Taking place from midway in IV and proceed to end after IV's endings, with your game taking account into Niko's choice by means of tracking your save file.
You play as Gordon Sargent, who worked with Niko once and was last seen keeping an eye out to Gracie, and was even at a time considered to be a plausible candidate for a dlc protagonist by some.
The story would have dealt with the various relationships, both friendly and adversarial, between the many Italian mafia syndicate in Liberty City. The mafia in Liberty City has a pretty elaborate backstory which you can piece together by going through the various police reports found in the database, and yet they only appear on rare occasions within the actual story of the game. Much like Ballad, the Ancelotti would still have its fair share of involvement due to Gordon's participation in the kidnapping, but the different families can always get involved in one way or another. Gordon is gambler for example, a first for a GTA protagonist, which would also continue to pursue this entire grounded approach set forth by IV and Lost and Damned.
It will make use of the events of the two previous games more deeply than the Ballad did. As a continuation from the ending of Lost and Damned, Gerry McReary would have fled from the Alderney State Penitentiary, and it would have been up to Gordon to find a suitable way to help the McReary family. We would have also gained more insight on Gerry's reaction to the failed diamond exchange as well as the death of one of his brothers, or even sister.
Next there is also Phil Bell, half irish half Italian , the plausible additional link between the irish mob and the mafia, not to mention Packie already worked for the Peggorino. With his business set in Alderney, Phil Bell could have easily got wind on both Gracie's kidnapping and of the Lost's final state of business, further tying both stories of IV and Lost and Damned more effectively than what was produced in Ballad.
Depending on the ending player took in IV, the ending of Gordon Sargent's tale with Phil Bell and Gerry would have changed as well, further bringing full circle to the trilogy.
Ballad of Gay Tony's method of bringing full circle comes from revealing 'who' gets his hands on the diamonds, and by doing so, provoking an unnecessary and awkward retcon, just for a couple of extra giggles.
In contrast, the tale of Gordon Sargent could have brought full circle by showing the extent of harm caused by both the diamond affair And to Niko Bellic's various intervention, along with a flair of the Lost's intervention, here and there.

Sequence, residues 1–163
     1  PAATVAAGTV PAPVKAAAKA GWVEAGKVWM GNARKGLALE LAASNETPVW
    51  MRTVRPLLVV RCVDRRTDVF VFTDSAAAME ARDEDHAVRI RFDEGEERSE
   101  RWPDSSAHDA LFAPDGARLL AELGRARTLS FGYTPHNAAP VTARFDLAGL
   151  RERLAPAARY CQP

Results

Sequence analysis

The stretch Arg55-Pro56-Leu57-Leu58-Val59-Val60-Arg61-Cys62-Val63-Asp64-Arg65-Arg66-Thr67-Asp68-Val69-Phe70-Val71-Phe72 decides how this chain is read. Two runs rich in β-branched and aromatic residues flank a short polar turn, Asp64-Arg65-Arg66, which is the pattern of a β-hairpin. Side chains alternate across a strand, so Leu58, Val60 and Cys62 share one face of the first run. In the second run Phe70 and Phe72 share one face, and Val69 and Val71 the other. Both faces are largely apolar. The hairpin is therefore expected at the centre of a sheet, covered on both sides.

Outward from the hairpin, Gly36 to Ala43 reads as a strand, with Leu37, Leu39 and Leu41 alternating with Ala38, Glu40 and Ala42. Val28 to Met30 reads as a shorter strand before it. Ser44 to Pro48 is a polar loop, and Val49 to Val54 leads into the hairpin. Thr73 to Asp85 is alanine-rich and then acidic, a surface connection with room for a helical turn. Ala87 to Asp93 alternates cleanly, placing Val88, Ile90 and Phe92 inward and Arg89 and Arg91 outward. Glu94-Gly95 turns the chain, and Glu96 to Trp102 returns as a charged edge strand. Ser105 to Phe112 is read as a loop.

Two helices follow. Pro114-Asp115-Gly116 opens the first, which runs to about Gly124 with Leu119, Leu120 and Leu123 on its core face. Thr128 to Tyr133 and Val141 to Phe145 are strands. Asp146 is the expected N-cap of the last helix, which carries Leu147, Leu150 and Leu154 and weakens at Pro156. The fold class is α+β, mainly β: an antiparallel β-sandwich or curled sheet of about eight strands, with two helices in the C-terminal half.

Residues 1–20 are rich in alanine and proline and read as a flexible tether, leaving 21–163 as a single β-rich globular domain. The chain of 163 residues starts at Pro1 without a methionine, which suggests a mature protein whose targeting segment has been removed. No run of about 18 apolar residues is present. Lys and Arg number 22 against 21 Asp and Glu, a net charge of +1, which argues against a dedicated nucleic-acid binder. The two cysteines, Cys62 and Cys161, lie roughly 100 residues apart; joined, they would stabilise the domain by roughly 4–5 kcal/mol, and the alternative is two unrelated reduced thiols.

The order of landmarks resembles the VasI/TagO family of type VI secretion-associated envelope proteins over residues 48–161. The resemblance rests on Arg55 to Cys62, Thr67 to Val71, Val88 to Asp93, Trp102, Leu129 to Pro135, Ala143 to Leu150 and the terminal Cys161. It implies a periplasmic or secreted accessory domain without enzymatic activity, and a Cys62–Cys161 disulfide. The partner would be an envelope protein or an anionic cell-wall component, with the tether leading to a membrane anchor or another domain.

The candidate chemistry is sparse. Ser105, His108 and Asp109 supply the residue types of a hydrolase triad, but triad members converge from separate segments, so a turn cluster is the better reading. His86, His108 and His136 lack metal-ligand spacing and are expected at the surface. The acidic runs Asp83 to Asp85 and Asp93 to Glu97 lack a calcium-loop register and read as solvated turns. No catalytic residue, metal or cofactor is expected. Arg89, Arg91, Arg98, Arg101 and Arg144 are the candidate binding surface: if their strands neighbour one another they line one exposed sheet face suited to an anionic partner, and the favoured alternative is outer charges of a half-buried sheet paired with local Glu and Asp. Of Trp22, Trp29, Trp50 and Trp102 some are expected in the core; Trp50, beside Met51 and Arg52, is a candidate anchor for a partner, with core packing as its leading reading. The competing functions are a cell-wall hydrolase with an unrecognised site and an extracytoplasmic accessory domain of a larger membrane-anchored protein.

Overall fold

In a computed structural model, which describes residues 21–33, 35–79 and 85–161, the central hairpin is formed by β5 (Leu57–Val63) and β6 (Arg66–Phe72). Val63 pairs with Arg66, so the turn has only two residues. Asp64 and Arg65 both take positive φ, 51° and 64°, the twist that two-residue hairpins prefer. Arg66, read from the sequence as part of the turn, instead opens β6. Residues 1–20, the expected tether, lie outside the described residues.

Sure Gordon wasn't present in the museum, but that doesn't necessarily means he couldn't have been part of this Trinity situation, with the kidnapping, the diamonds, and to the actions of Niko and the Lost, all tying it up together.
It would have been even more gritty and lonely than IV and Lost and Damned, whereas Niko and Johnny at least had close friends to share the journey with, all Gordon would have had were gambling debts and various mob bosses always on the edge to pull a backstab in fear of facing the implosion of the situations caused by the other protagonists. It may have perhaps ended on a happy and hopeful note, but the journey that leads to it would have been a rather unnerving and shady experience, where the concept of 'gaining money' whatever the cost, even if it involves keeping an eye out for a constantly crying tied up woman, it could have been an interesting concept that set up as a prototype to the 'pursuit of the almighty dollar' concept later laid out in full with GTA V.
And it definitively would have made a better lasting impression than the way Ballad tackled its subjects of increasing debts and 'everybody has a price', which amounts to continue to kill everyone in sight and everything would be ok, with no loss or degradation of conscience of any sorts.
Perhaps after the negative reaction to the constant pessimism in IV and Lost and Damned, Rockstar decided it was best not to approach this angle ever again.
And that to me, is a missed opportunity.
Not because of the themes or style of the Ballad per se, but rather it is presented as a welcoming alternative and yet failed to make a better impression than it set out to be, therefor making me feel that the unused possibilities would have been better.